With a diverse landscape, vibrant capital city and a viticultural history dating back centuries, Georgia is the perfect destination for the wine enthusiast.
Wedged between Europe and Asia, the Republic of Georgia is a small country that’s big on dramatic mountain scenery, fascinating cultural traditions and famously warm hospitality. Though relatively undiscovered by tourists, and hence lacking the kind of infrastructure synonymous with more developed countries, Georgia is rapidly gaining a reputation as a captivating off-the-beaten-track holiday destination which merits exploration.
A relative newcomer as an international tourist destination, Georgia still offers a wide range of accommodation to suit any budget. Backpackers wanting to explore the country on a shoestring will have no difficultly finding great value guesthouses and B&Bs, whilst those looking for a more upmarket experience will not be disappointed either, with major cities Tbilisi and Batumi boasting a number of luxury hotels which offer first class amenities, elegant décor and the sort of impeccable service you’d expect from four and five star establishments. Tbilisi’s design-centric Stamba and stylish Bazzar Boutique hotels are amongst the most notable.
Food and wine are a huge part of Georgia’s national identity, and given its geographical position at the crossroads of two continents, it’s hardly surprising to learn that Georgian cuisine marries eastern and western influences in its unique, flavoursome dishes. Khinkali - dumplings with a soupy spiced meat filling - are ubiquitous and considered something of a national dish here, whilst Khachapuri - a traditional bread filled with melted cheese that comes in a wide variety of shapes and sizes - are similarly heralded. Both are served as street snacks as well as at many of the country’s restaurants and bars, with different regions often putting their own twist on the traditional recipe.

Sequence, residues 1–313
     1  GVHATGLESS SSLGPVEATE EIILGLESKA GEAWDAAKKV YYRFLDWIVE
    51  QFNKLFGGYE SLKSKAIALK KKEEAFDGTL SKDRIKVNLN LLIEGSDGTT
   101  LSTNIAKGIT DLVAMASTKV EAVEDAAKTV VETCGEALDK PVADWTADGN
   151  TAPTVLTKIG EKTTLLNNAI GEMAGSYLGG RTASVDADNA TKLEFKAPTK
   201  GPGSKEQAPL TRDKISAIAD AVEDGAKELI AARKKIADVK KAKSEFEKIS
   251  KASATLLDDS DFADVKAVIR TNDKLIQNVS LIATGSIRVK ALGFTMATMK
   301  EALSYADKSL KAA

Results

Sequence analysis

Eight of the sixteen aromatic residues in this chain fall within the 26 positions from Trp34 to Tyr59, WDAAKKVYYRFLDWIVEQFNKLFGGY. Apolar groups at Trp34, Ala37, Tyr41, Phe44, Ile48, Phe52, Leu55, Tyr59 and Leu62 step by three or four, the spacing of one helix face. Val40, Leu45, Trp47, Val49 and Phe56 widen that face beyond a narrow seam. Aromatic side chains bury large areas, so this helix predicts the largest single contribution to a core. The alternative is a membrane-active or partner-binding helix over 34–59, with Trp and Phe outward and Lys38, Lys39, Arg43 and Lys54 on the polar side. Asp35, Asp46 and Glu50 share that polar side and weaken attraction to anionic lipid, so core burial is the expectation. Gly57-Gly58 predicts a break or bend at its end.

Winemaking in Georgia dates back more than 8,000 years, and the traditional method of production - using Qvevri (egg-shaped clay vessels) to store and age the wine - has been recognised by UNESCO on the Intangible Cultural Heritage of Humanity list. There are more than 500 indigenous grapes here, of which Saperavi is perhaps the most admired, producing rich, inky wines with great ageing potential. The Kakheti region, around 50 miles east of Tbilisi, is responsible for 75% of the country’s production and is an essential visit for wine lovers. Organised tours are becoming increasingly common here, but many vineyards and wineries are also open to independent visitors with wine tasting often accompanied by traditional Georgian food platters and always by the generous hospitality for which the country is well-known.
Despite its small size Georgia offers an incredible variety of experiences for the visitor. From a city break in the elegant, culture-rich capital of Tbilisi, to hiking in the magnificent Caucasus mountains; a beach stay on the Black Sea coast to wine-tasting in the Kakheti region, whether you’re looking for adventure or longing for relaxation, Georgia is sure to hit the spot!
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